19. Take a hard look at the surgeon's reputation and surgical skill. It's easier for ASCs to bring on surgeons with established practices because they will have a more immediate impact; junior surgeons trying to build their practice often perform fewer cases initially.

20. The dynamic at the ASC will change when the new surgeon joins. If the new surgeon is bringing a new specialty to the center, it will require resources to purchase new equipment, train staff and become familiar with the details associated with that specialty. If the surgeon's specialty already exists at the center, make sure there will be enough volume so the current partners don't have to compete with the new physician.

21. A new surgeon's personality will also change the group dynamic. Consider whether the new surgeon's clinical and business philosophies will align with the current partners. It may also be important to assess the new surgeon's personal preferences — such as work/life boundaries, leisure activities and politics — won't disrupt the current culture.

22. Connect with the surgeon's previous OR teams to gauge any personality issues. The surgeon's personality in the operating room impacts staff members and the ASC's reputation. Surgeons are often accustomed to running the show with an iron fist, but disruptive personalities in the operating room leave the door open for harassment and malpractice suits.

23. Surgeons must communicate well with patients, other physicians and staff members. ASCs run a lean and efficient business, so communication is essential to keep patient flow. Staff members need to know how to schedule the surgeon's cases, what materials surgeons need and any other preoperative requirements to avoid cancellations.

24. Design a protocol to meet the specific surgeon's needs to ensure their cases will contribute to the surgery center's financial well-being. Contact the physician's office to learn more about their preferences and how their orders are typically handled to make the transition as smooth as possible.

Physician credentialing


25. The Joint Commission released a tool for surgery centers covering physician credentialing and accreditation updates:

• Define the surgeon's scope of care.
• Identify licensed independent practitioners and make sure they are practicing within state laws and regulations.
• Each licensed independent practitioner should have an identified scope of practice that meets state laws and regulations.
• Define qualifications for licensed independent practitioners to practice at your facility, including education and training as well as board certification.
• Place a formal request for privileges from each practitioner to provide care. The request can be in a letter form, application or documented conversation with the medical director.

Tips for an efficient credentialing process

26. Assign someone at the ASC to keep track of credentialing every clinician at the center. This person can update credentials and license information when necessary and take new physicians through the credentialing process.

27. It takes 60 to 90 days for surgery centers to collect all credentialing material required. ASCs can grant temporary permission for surgeons to perform cases without all credentials in place, but it's prudent to conduct a background check on surgeons first to establish they don't have a higher number of adverse events that could put the center at risk.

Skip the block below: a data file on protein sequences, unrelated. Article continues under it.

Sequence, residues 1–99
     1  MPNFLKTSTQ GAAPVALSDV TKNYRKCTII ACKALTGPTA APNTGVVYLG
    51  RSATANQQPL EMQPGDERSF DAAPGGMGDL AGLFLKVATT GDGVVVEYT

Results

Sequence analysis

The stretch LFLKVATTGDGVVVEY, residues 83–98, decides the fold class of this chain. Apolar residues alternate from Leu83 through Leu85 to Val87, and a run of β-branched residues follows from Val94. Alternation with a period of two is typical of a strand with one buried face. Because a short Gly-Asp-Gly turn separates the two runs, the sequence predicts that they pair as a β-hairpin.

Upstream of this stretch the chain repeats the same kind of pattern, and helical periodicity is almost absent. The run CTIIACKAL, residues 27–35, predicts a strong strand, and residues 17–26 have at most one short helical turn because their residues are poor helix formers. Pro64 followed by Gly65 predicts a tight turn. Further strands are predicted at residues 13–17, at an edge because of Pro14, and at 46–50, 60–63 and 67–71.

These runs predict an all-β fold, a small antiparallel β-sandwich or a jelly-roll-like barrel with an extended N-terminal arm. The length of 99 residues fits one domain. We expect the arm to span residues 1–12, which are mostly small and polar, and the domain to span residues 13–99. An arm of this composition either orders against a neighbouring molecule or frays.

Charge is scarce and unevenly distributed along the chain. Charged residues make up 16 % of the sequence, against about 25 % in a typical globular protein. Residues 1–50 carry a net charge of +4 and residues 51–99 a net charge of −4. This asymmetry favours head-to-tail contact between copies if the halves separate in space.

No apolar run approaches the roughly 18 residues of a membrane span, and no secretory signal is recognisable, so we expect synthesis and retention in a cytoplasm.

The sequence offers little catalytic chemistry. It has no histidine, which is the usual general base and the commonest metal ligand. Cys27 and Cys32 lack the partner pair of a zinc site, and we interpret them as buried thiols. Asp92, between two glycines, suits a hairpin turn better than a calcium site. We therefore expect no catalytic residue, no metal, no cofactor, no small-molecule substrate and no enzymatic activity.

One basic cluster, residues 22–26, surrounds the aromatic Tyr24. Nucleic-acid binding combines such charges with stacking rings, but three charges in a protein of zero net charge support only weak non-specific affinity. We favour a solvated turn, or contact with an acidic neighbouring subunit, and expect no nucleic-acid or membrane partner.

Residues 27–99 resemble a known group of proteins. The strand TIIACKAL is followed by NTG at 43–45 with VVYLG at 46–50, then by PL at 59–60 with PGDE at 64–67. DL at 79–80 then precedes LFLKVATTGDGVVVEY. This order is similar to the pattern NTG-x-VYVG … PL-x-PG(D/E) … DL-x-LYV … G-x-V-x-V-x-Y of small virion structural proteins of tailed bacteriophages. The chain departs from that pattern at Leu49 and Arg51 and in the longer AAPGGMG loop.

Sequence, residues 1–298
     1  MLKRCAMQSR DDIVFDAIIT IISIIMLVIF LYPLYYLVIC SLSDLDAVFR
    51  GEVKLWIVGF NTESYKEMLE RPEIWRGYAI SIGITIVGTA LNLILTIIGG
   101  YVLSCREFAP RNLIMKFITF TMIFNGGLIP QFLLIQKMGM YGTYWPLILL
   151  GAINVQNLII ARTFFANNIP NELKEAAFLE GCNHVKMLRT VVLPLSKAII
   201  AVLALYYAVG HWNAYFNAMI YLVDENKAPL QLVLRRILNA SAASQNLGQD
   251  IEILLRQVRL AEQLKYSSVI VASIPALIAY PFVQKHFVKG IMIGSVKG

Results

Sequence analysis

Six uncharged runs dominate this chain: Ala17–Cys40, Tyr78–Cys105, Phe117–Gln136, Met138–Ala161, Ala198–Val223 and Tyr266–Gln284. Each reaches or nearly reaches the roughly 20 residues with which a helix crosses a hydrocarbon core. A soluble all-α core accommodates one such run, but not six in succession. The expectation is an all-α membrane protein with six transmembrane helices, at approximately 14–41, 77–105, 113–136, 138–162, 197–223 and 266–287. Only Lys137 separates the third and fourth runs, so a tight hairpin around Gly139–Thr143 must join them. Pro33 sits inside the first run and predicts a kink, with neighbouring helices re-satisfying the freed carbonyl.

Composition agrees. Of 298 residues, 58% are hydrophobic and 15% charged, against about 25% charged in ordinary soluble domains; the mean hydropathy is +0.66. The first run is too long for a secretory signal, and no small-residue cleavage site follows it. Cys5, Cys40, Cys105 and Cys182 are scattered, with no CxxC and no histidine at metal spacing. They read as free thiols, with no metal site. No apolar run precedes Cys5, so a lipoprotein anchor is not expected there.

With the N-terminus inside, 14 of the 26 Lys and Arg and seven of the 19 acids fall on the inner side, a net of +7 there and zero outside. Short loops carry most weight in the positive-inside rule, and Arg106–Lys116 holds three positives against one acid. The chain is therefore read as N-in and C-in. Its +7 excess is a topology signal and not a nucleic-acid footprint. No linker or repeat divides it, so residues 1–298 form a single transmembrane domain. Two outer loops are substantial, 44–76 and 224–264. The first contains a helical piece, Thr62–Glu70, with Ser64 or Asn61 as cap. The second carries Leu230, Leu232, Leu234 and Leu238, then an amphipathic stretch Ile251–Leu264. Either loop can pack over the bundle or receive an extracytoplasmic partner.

28. There are several forms physicians and their offices must fill out to obtain credentials at the ASC. Stress the importance of filling the forms out fully before returning them to the ASC; otherwise, there will be more back-and-forth between the physician's office and ASC, adding time to the process.

29. Keep credentials up-to-date to avoid medicolegal issues. If malpractice occurs and the physician's credentials are outdated, the ASC could run into legal issues.

30. Keep a calendar of the important licensure updates and credentialing dates to track updates throughout the year. There are automated systems available to help with this process and notify administrators 30 days before a physician's license, board certification, certificate of insurance and more expires to allow ample time for renewal.

31. Each state has different requirements for physician credentials, but many follow similar rules to accrediting bodies. Make sure you know the rules for your state and accrediting body so you're prepared when the surveyor arrives.

32. Regularly audit files to ensure there aren't omissions in a physician's credentials. Staff members may initially overlook a mistake or forget to update credentials.

Mistakes to avoid

33. Here are 10 common credentialing mistakes that surgery centers make:

· Not having an appropriate employee who is skilled and knowledgeable in the credentialing role.
· Not having a predefined process for application requests.
· Not having intuitive and user-friendly credentialing software.
· Not updating clinical privilege forms.
· Not having completed files before committee action.
· Not following regulatory and accreditation standards.
· Not following the facility's governance documents.
· Not linking quality to appointment of physicians.
· Not understanding the approval process.
· Not engaging everyone in credentialing.

Copyright © 2024 Becker's Healthcare. All Rights Reserved. Privacy Policy. Cookie Policy. Linking and Reprinting Policy.


Featured Webinars

Featured Whitepapers

Featured Podcast